That said, some financial institutions allow the initial RESP subscriber to name a successor subscriber to take over the account in the event of their death. In this case, a living subscriber may be able to appoint a testamentary trust as the successor subscriber for their RESP account.

What role does a trustee play?

In addition, while preparing a will, a testator could dictate that their trustees use funds held in trust for beneficiaries to contribute to an RESP intended for those beneficiaries. For example, Paula, a grandparent could include terms in their will directing their trustees to contribute to an RESP account owned by their grandchild’s parent (the child of the deceased).

It is worth noting that if an RESP account is owned by someone who dies and there is no successor subscriber named, the account may need to be closed, be subject to probate, require repayment of government grants and bonds, be partially taxable, and/or need to be distributed based on the terms of their will.

Not all RESP contracts allow the naming of a successor subscriber. Some may allow an executor to designate a successor subscriber. Some people appoint a successor subscriber for their RESP directly in their will.

So, here is what I think you need to do, Paula:

1) If you are the subscriber for an existing RESP, check to see if you can name a successor subscriber with the financial institution.

2) If you cannot, consider adding a codicil (an adjustment or supplement) to your existing will or preparing a new will to appoint a successor subscriber for an RESP in the event of your death.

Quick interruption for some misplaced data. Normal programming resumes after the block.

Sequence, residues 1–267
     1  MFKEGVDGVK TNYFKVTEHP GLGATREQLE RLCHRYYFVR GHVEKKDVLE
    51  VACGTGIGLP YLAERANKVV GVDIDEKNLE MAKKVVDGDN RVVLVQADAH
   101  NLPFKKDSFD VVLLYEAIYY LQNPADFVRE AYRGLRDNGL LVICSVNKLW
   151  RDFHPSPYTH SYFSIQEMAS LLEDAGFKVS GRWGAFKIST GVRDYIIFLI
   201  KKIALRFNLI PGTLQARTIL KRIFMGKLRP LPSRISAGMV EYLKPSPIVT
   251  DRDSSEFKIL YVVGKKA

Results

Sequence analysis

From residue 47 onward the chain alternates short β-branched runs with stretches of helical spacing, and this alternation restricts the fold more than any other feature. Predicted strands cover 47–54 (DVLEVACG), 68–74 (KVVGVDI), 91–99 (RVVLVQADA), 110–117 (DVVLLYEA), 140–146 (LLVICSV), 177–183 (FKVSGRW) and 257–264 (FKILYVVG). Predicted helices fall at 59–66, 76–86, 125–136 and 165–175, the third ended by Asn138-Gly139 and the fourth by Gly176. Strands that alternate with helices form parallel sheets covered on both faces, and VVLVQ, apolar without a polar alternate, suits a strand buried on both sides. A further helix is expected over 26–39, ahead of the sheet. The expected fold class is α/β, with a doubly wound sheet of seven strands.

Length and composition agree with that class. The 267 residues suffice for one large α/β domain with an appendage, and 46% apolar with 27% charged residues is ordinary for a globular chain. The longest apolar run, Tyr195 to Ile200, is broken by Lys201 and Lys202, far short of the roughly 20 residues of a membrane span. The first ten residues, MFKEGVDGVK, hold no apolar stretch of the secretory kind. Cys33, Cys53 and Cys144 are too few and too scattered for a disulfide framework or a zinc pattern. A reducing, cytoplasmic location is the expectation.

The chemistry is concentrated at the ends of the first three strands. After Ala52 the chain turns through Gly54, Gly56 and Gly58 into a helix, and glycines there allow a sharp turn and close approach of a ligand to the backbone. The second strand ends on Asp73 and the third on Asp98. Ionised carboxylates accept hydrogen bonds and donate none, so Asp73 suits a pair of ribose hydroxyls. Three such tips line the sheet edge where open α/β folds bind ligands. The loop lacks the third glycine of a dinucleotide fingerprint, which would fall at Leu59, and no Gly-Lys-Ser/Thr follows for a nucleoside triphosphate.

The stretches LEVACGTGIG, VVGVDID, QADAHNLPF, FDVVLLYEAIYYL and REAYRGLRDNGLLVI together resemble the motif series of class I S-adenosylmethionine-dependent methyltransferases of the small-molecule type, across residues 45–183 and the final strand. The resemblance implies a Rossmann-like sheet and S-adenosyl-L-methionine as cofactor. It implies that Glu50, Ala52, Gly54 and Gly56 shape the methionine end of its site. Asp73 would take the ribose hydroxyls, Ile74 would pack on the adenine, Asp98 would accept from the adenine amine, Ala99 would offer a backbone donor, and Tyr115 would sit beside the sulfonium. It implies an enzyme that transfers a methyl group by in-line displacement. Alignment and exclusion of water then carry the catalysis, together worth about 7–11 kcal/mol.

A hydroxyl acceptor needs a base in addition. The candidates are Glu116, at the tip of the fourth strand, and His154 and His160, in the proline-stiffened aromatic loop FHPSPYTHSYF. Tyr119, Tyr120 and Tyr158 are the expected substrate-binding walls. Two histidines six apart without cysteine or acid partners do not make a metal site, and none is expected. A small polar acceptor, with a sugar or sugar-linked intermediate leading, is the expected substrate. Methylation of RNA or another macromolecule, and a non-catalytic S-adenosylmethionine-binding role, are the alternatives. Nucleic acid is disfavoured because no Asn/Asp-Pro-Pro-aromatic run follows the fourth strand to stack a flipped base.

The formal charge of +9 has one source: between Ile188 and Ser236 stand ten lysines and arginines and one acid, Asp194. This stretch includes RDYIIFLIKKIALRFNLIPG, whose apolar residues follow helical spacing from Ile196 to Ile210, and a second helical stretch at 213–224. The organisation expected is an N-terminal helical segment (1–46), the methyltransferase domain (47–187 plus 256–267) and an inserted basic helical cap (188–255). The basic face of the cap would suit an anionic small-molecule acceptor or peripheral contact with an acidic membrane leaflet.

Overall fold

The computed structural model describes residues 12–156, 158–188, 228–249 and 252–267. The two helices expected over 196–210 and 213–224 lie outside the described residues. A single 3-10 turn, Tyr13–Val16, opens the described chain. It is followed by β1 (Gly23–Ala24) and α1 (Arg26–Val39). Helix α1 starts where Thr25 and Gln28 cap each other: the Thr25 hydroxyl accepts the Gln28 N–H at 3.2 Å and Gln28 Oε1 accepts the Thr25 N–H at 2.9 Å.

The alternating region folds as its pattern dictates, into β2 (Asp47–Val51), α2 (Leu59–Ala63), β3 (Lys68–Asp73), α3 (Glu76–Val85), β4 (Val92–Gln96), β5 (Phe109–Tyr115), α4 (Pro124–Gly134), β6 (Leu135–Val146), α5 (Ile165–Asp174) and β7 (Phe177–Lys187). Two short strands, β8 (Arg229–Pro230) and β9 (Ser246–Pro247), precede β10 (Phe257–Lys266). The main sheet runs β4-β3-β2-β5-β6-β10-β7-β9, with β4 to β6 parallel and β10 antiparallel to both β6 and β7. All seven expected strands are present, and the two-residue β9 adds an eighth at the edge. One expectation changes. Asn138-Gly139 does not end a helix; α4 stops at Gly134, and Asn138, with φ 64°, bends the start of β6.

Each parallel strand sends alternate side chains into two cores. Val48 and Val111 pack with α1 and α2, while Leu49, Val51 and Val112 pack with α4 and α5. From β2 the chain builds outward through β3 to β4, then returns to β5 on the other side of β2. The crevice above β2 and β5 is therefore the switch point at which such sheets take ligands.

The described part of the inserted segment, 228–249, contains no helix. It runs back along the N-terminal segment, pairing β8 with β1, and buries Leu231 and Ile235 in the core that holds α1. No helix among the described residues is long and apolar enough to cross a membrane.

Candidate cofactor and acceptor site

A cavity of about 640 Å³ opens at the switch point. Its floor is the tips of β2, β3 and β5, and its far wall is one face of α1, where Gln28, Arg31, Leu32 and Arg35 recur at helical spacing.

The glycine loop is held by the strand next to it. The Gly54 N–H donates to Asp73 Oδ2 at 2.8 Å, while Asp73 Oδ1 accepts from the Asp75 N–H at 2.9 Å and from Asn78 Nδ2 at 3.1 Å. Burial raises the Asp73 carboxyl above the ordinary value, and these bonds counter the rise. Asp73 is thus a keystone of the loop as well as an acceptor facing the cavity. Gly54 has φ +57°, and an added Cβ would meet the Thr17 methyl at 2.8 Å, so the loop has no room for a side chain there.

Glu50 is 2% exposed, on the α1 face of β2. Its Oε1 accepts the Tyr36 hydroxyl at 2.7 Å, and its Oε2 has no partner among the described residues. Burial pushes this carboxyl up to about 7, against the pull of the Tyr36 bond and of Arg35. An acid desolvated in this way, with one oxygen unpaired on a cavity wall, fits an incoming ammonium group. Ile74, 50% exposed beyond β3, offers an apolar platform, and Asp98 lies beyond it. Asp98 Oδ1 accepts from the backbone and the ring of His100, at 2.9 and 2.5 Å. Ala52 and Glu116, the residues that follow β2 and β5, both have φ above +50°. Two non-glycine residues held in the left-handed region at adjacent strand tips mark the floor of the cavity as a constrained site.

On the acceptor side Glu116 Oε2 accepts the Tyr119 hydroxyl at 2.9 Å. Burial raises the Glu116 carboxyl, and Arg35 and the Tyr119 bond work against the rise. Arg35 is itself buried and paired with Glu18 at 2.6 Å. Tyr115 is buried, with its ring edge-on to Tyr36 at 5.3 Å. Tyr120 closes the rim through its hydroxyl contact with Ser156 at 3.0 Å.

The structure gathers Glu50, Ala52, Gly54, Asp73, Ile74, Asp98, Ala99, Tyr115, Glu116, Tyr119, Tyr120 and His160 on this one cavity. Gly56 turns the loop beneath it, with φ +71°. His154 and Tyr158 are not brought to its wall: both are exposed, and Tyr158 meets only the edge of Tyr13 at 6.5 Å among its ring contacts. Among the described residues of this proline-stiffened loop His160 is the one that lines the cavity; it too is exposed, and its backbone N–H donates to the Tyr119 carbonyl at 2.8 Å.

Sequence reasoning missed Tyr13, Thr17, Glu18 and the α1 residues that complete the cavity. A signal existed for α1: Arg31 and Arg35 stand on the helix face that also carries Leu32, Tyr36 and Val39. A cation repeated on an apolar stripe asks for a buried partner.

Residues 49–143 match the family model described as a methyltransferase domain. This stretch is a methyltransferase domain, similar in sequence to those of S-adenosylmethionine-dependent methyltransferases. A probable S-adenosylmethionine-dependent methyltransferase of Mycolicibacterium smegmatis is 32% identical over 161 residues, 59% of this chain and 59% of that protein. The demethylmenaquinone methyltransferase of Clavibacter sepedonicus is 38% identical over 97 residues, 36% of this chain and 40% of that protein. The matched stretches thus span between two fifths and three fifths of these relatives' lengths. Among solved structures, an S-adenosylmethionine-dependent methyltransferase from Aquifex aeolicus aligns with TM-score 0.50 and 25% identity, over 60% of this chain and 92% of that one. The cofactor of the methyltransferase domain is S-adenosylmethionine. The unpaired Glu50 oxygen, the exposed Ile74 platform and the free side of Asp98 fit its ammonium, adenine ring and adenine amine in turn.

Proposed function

3) Consider adding a codicil to your existing will or preparing a new will to direct your trustees to make contributions to an RESP for the child beneficiary.

You should seek advice from the lawyer who drafted your current will or from a new estate lawyer who can prepare a new will and make sure your wishes will be carried out upon your death.

Contributing more than the RESP contribution limit

It also bears mentioning the $2,500 annual contribution limit for RESPs only applies to the government grants. The government grant of 20% of your contributions is limited to $2,500 in contributions per year (or $500). It also applies on up to $2,500 in additional contributions missed in past years (for a maximum grant of $1,000 in any given year).

But there is no restriction to contributing more to an RESP in a single year. The only limit on RESPs is a $50,000 lifetime limit for the beneficiary, regardless of how many RESP accounts are opened for them.

A simple alternative depending on your circumstances, Paula, could be to pre-fund the remaining lifetime contribution limit now or direct your executors to do so in your will, so no ongoing annual obligations would apply.

Jason Heath is a fee-only, advice-only Certified Financial Planner (CFP) at Objective Financial Partners Inc. in Toronto. He does not sell any financial products whatsoever.

Need Help Planning Your Estate?

Our team member Maria Tanel is a P1 paralegal licensed by the Law Society of Ontario, notary public, and commissioner of oaths. She has over 25 years of experience working with executors to manage their estate, wills and deal with probates.